“Heavy elements, like the gold in your jewelry, are produced through special processes in stars, and SuperTIGER aims to help us understand how and where this happens,” said lead co-investigator John Mitchell at NASA’s Goddard Space Flight Center in Greenbelt, Maryland. “We’re all stardust, but figuring out where and how this stardust is made helps us better understand our galaxy and our place in it.”

    When a cosmic ray strikes the nucleus of a molecule of atmospheric gas, both explode in a shower of subatomic shrapnel that triggers a cascade of particle collisions. Some of these secondary particles reach detectors on the ground, providing information scientists can use to infer the properties of the original cosmic ray. But they also produce an interfering background that is greatly reduced by flying instruments on scientific balloons, which reach altitudes of nearly 130,000 feet (40,000 meters) and float above 99.5 percent of the atmosphere.

    The most massive stars forge elements up to iron in their cores and then explode as supernovas, dispersing the material into space. The explosions also create conditions that result in a brief, intense flood of subatomic particles called neutrons. Many of these neutrons can “stick” to iron nuclei. Some of them subsequently decay into protons, producing new elements heavier than iron.

    Supernova blast waves provide the boost that turns these particles into high-energy cosmic rays.

    NASA’s Fermi Proves Supernova Remnants Produce Cosmic Rays. February 14, 2013.

    NASA/Fermi Telescope

    NASA/Fermi LAT

    As a shock wave expands into space, it entraps and accelerates particles until they reach energies so extreme they can no longer be contained.

    On Dec. 1, SuperTIGER was brought onto the deck of Payload Building 2 at McMurdo Station, Antarctica, to test communications in preparation for its second flight. Mount Erebus, the southernmost active volcano on Earth, appears in the background.
    Credits: NASA/Jason Link

    Over the past two decades, evidence accumulated from detectors on NASA’s Advanced Composition Explorer satellite and SuperTIGER’s predecessor, the balloon-borne TIGER instrument, has allowed scientists to work out a general picture of cosmic ray sources. Roughly 20 percent of cosmic rays were thought to arise from massive stars and supernova debris, while 80 percent came from interstellar dust and gas with chemical quantities similar to what’s found in the solar system.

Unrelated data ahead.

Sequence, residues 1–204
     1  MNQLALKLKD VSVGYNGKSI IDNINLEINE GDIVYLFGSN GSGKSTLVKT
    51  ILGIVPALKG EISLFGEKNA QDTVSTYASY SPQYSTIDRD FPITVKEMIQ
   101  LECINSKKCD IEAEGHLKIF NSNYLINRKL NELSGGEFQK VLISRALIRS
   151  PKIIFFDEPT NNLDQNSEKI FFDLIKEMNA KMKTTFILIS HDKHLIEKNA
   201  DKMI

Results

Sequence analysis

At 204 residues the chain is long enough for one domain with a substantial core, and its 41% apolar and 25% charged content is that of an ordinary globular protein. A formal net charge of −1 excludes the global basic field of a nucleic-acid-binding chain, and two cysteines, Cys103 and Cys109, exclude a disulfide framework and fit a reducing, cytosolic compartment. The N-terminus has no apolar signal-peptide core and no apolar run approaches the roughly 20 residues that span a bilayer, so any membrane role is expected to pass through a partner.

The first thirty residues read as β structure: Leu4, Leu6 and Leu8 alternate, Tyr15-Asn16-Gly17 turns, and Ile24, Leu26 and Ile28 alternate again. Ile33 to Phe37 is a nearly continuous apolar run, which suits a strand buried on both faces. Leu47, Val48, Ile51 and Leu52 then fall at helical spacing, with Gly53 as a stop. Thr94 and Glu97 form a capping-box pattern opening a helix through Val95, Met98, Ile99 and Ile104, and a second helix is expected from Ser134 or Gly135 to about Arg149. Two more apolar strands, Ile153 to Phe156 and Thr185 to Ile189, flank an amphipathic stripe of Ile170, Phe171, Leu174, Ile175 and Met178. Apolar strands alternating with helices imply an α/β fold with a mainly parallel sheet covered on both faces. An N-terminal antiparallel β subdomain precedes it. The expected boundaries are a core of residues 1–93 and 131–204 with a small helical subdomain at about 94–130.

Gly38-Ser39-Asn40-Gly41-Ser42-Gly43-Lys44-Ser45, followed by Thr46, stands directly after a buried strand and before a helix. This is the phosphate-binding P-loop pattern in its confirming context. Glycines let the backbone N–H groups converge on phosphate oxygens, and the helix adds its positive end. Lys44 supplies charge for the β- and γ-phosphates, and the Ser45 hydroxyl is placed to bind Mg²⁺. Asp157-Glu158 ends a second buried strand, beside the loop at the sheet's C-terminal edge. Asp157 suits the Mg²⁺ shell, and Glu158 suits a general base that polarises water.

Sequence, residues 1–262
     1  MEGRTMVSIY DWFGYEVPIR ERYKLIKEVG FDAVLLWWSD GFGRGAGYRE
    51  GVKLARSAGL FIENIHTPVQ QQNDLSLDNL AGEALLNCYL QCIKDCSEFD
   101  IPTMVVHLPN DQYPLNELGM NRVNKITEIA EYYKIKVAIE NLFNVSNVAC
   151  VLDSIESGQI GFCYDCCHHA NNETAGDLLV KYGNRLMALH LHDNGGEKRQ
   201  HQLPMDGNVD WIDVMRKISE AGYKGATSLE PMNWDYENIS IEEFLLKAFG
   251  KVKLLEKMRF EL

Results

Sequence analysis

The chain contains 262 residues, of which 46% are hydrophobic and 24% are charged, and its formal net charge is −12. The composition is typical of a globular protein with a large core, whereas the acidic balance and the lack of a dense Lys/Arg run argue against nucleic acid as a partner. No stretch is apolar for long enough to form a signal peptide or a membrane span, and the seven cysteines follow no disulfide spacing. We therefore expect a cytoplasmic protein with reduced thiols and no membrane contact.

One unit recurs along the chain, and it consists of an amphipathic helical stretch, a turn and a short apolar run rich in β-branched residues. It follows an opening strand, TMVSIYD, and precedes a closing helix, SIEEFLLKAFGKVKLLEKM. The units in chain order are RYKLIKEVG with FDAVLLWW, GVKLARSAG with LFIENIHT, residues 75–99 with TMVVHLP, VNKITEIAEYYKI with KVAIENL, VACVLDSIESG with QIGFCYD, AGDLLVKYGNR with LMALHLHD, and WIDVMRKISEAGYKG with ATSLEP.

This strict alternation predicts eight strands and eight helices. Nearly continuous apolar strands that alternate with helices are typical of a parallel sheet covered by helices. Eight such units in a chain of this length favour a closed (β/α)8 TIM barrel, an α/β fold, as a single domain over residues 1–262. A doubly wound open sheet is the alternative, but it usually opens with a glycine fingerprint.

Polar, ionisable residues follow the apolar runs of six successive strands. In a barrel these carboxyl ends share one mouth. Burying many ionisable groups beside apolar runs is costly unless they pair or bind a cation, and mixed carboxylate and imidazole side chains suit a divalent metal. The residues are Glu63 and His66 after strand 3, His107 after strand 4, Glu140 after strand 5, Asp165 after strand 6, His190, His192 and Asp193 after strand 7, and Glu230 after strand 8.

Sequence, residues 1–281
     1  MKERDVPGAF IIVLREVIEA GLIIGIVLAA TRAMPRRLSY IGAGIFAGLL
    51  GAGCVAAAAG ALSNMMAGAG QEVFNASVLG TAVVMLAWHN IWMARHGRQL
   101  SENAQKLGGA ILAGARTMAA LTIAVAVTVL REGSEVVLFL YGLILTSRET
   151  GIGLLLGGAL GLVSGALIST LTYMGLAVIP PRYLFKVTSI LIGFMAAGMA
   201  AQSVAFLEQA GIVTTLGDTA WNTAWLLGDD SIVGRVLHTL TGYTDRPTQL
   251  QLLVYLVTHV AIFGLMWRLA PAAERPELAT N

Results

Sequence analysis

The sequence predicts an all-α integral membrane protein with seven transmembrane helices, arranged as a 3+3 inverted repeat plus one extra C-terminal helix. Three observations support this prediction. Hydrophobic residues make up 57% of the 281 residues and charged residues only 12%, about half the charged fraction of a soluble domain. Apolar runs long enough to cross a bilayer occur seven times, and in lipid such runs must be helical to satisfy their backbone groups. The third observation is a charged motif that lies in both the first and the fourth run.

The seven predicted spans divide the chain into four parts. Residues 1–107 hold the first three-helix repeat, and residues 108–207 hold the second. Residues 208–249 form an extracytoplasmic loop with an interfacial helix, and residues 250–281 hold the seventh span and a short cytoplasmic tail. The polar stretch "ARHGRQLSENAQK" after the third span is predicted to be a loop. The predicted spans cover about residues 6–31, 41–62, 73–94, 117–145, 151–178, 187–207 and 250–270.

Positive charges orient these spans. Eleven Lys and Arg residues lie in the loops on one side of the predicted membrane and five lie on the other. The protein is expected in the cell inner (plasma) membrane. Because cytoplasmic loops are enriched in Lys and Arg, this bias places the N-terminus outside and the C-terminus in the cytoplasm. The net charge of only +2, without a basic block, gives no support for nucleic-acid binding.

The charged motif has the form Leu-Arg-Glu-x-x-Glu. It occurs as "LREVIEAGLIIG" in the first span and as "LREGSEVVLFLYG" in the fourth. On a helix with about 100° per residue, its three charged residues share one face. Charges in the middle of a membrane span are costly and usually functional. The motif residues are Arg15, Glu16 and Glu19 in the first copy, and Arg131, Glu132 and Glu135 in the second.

“Within the last few years, it has become apparent that some or all of the very neutron-rich elements heavier than iron may be produced by neutron star mergers instead of supernovas,” said co-investigator Jason Link at Goddard.

    Neutron stars are the densest objects scientists can study directly, the crushed cores of massive stars that exploded as supernovas. Neutron stars orbiting each other in binary systems emit gravitational waves, which are ripples in space-time predicted by Einstein’s general theory of relativity. These waves remove orbital energy, causing the stars to draw ever closer until they eventually crash together and merge.

    Theorists calculated that these events would be so thick with neutrons they could be responsible for most of the very neutron-rich cosmic rays heavier than nickel. On Aug. 17, NASA’s Fermi Gamma-ray Space Telescope and the National Science Foundation’s Laser Interferometer Gravitational-wave Observatory detected the first light and gravitational waves from crashing neutron stars. Later observations by the Hubble and Spitzer space telescopes indicate that large amounts of heavy elements were formed in the event.

    “It’s possible neutron star mergers are the dominant source of heavy, neutron-rich cosmic rays, but different theoretical models produce different quantities of elements and their isotopes,” Binns said. “The only way to choose between them is to measure what’s really out there, and that’s what we’ll be doing with SuperTIGER.”

    SuperTIGER is funded by the NASA Headquarters Science Mission Directorate Astrophysics Division.

    The National Science Foundation (NSF) Office of Polar Programs manages the U.S. Antarctic Program and provides logistic support for all U.S. scientific operations in Antarctica. NSF’s Antarctic support contractor supports the launch and recovery operations for NASA’s Balloon Program in Antarctica. Mission data were downloaded using NASA’s Tracking and Data Relay Satellite System.

    For more information about NASA’s Balloon Program, visit:


    See the full article here.